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The New MacBook: Who’s It For?

Rafe Needleman
Editorial Director, Yahoo Tech
Yahoo Tech

I just got back from the Apple press event in San Francisco, where Apple unveiled a brand-new version of the Apple MacBook. This new MacBook is thin, light, and gorgeous. And it’s a bit of a puzzle in Apple’s lineup of notebook computers.

Before you buy it, you’ll have to ask yourself a few questions. For example: How much are you willing to pay for thinness, or a gold or gray computer? Can you live without any ports at all on my computer? Do you care about performance? Really? How much?

Hands-on with the new MacBook

(Photo: Rafe Needleman/Yahoo)

The new MacBook –– that’s what it’s called, simply the MacBook –– comes in only one size, with a 12-inch screen. It is dwarfed by the 13-inch MacBook Air, which was previously the gold standard in no-compromise ultralight notebooks. (The smaller 11-inch Air has a really small screen.)

The “writer’s notebook” crown must now go to the MacBook, which is so much smaller and lighter than the Air but still has a full-sized keyboard. However, the new machine contains a raft of paradoxes and sacrifices that will confuse the buyer looking for the best ultralight workhorse.

In the MacBook’s favor: That 12-inch screen is a Retina display, which means that it is unbelievably sharp and beautiful, with a resolution of 2304 by 1440 pixels. The old 13-inch Airs still have a 1440-by-900 display. The MacBook’s screen would be the ultimate portable display for graphics and video editing, except for one thing.

And that’s the processor. The MacBook is underpowered, compared with the Air. Its processor is Intel’s Core M “Broadwell,” which Apple says combines “energy efficiency with the performance needed to handle everyday tasks.” So keep your Air or your Pro for intensive work, such as serious photo and video editing. The MacBook will be fine for occasional or light-duty editing, but its performance may be annoying for pros.

The Macbook Air’s logic board, top, compared to the new MacBook’s. (Apple)

The new low-power processor, though, runs so cool that this MacBook doesn’t need a fan. And you’ll get a full day of battery life out of it, Apple says.

One more thing: The new MacBook is available in different finishes: Standard silver, like current MacBooks. Gold, which is less tacky than you’d think. And “space gray,” which, in my opinion, is totally badass and the one to get.

Another port change

Just getting used to the MagSafe 2 charger and Thunderbolt port? Kiss ‘em goodbye. The MacBook has only one data port, a USB Type-C connector. Only one. It’ll be used to charge the computer and to hook into all your peripherals that you can’t connect wirelessly. Apple is really pushing on the wireless front. The MacBook has the usual full suite of Wi-Fi and Bluetooth radios, all running the absolute latest, fastest versions.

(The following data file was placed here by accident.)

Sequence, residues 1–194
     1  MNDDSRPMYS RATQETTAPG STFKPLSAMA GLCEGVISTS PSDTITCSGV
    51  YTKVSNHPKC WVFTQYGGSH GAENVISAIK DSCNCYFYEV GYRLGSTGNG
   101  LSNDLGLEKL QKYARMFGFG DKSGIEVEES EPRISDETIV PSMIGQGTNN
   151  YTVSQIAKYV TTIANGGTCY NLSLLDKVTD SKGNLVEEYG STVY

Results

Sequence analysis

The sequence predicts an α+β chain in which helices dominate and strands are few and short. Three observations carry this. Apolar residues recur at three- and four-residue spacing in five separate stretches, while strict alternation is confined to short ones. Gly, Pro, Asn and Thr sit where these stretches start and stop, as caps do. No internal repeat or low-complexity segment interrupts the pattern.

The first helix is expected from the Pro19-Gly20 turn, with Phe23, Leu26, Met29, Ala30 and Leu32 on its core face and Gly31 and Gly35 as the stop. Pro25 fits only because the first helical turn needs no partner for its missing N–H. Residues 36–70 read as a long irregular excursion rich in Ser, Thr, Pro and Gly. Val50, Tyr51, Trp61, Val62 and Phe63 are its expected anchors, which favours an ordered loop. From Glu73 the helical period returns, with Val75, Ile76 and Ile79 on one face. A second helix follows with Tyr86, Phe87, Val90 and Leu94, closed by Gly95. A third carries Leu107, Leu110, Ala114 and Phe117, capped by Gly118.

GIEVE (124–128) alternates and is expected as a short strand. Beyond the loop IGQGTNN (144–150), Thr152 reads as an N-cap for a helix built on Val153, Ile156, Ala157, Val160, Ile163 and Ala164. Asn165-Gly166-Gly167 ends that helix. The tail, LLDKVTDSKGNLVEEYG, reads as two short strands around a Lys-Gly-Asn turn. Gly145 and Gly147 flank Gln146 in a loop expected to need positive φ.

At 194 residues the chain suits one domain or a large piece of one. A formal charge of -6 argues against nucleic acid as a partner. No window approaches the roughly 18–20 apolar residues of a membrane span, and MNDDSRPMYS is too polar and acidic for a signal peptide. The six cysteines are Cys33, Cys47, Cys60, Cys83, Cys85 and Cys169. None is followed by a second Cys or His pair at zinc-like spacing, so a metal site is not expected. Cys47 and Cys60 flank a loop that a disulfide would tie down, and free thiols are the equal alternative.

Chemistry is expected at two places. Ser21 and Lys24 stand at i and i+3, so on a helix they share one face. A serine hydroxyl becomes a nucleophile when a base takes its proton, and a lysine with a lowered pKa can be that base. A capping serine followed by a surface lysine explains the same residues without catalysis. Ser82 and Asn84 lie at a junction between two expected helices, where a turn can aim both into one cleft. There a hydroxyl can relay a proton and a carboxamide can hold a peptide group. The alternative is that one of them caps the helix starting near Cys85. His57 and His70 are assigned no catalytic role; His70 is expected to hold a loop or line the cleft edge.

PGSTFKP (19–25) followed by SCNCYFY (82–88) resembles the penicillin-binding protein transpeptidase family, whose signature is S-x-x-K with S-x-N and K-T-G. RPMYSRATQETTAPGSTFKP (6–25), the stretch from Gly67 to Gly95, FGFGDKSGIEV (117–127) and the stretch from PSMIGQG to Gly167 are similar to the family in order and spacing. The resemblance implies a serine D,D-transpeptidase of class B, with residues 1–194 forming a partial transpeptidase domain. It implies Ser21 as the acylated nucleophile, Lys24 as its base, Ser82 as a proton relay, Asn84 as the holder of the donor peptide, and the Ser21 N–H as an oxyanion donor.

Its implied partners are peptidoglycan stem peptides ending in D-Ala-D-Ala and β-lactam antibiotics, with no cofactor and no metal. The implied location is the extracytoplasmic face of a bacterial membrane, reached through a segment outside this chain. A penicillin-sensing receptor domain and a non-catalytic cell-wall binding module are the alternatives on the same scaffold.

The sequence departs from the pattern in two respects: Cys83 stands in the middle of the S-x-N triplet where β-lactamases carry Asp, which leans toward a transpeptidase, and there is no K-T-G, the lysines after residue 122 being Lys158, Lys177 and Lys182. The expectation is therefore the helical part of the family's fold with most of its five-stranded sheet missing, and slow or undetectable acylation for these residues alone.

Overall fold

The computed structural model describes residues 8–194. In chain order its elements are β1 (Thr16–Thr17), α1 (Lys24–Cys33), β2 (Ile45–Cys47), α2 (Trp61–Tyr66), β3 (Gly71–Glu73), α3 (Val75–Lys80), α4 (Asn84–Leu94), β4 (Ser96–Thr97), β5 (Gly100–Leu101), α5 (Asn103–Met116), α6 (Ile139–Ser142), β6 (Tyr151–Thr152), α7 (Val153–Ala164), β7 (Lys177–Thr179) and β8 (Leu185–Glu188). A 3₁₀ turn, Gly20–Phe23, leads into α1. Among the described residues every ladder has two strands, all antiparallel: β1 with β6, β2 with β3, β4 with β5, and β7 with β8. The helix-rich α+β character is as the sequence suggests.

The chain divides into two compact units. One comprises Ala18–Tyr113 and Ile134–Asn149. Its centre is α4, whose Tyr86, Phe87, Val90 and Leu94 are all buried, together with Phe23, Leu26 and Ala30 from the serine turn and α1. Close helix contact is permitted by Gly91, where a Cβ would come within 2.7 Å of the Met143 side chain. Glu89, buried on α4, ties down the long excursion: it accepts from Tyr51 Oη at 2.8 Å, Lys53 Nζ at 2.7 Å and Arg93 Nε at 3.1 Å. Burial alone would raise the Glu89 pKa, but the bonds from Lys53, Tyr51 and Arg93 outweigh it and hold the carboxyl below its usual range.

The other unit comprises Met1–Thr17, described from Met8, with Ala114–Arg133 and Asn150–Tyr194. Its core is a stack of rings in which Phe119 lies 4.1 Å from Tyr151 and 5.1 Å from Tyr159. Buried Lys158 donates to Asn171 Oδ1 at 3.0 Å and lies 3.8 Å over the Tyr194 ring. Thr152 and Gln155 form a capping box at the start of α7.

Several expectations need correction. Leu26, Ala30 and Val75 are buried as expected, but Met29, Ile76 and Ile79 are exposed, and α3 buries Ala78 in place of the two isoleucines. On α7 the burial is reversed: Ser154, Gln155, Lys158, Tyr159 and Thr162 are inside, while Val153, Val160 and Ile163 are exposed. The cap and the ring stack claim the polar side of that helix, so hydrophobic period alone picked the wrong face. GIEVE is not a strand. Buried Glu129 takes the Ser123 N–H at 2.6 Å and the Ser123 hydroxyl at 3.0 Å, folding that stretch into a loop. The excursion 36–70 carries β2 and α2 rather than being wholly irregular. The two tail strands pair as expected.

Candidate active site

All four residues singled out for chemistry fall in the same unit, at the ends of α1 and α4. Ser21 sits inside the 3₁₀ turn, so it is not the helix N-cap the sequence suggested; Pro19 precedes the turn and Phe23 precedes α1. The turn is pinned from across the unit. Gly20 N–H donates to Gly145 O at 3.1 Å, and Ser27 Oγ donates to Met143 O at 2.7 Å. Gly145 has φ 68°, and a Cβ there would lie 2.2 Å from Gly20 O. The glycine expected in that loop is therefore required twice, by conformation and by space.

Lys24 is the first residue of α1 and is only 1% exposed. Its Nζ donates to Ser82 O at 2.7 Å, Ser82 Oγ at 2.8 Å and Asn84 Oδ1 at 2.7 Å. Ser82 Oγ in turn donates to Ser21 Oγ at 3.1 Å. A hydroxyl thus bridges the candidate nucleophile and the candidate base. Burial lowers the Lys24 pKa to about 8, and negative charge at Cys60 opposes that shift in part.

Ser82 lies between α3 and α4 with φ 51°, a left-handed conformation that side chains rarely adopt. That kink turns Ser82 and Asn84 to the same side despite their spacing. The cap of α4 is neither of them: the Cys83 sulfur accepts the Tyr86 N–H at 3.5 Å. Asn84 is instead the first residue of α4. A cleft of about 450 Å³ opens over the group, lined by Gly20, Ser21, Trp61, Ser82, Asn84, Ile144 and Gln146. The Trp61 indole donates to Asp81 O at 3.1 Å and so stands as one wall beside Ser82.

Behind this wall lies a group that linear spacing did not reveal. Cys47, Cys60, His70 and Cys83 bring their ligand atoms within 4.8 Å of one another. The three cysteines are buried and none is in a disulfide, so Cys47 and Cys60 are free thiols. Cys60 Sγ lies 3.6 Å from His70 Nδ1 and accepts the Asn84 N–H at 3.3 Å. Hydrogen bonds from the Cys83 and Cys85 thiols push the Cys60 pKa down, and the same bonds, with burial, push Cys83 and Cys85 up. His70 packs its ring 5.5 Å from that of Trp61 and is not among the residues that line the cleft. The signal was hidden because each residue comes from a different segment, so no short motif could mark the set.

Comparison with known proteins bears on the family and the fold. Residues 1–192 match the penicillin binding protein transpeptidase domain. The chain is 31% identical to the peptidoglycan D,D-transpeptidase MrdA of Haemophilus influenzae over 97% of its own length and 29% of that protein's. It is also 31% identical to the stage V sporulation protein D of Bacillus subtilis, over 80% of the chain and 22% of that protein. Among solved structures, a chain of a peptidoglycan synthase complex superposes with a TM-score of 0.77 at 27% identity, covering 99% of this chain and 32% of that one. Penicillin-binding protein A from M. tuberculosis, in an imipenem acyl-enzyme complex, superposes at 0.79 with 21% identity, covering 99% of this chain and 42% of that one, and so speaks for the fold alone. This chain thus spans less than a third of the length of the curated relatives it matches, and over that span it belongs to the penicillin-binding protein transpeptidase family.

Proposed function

The MacBook’s sole port, except for a headphone jack on the other side. (Photo: Rafe Needleman/Yahoo)

But if you want to, say, power your MacBook while you also run an external monitor from it, or maybe charge your phone or Apple Watch, or connect to the Internet via an Ethernet cable, you’ll need a splitter or breakout box of some sort; Apple is selling a $79 add-on dongle that plugs into the USB C port and gives you slots for power, HDMI, and USB. It’s another annoying compromise you have to make for the MacBook’s thinness.

Better typing and clicking

The new MacBook also has a completely new keyboard and trackpad. The keys on this computer have a new “butterfly” mechanical construction that makes them a little less floppy than current MacBook Air and Pro keys. But they feel different –– they might not press down as far –– so it will take people a little time to acclimate. I thought they felt more solid, and therefore better, but I did not have time to work with the computer for long.

The new trackpad is also one big uniform button instead of the top-hinged button in the MacBook that you probably have. And it pushes back, under software control. Apple calls it the Force Touch: If you press it once, you get a convincing software-generated click. If you press harder, and the app supports it, you’ll get a second click for further options. Generally, the forceful touch gives you a preview or lookup function, or, in a media player, a “go faster the harder I press” function. It’s very cool and coming immediately to other MacBook models.

What price thinness?

The 12-inch MacBook is not the value leader in the Apple notebook lineup, even if it looks that way on the Apple laptop chart. It starts at $1,299 (1.1 GHz Core M CPU, 8 GB memory, 256 GB solid-state disk), or $1,599 for a more powerful model (1.2 GHz CPU) with more storage (512 GB SSD). Apple’s 11-inch Air is the lowest-cost MacBook you can get, starting at $899; the 13-inch Air starts at $1,199 but goes up quickly as you option it up.

Meanwhile, Apple’s MacBook Pro with Retina display also starts at $1,299, for the 13-inch version, with a full side panel of ports and a faster processor (although less storage in the base configuration). You can also get a non-Retina MacBook for $1,099, with an old-timey spinning hard drive … but don’t.

It looks like Apple is positioning the MacBook at the low end of its lineup, but it’s not so simple. (Apple)

It adds up to a rather confusing lineup of overlapping prices and configurations. Eventually Apple will likely clean up its product matrix and bring the same features (Retina display, USB C ports) to all its notebook computers, but for now, if you want to buy a new MacBook Anything, be prepared for instant buyer’s remorse. You’re probably going to get a great notebook that does everything you need, but for that price, you could also have gotten something else. It’s just going to nag at you.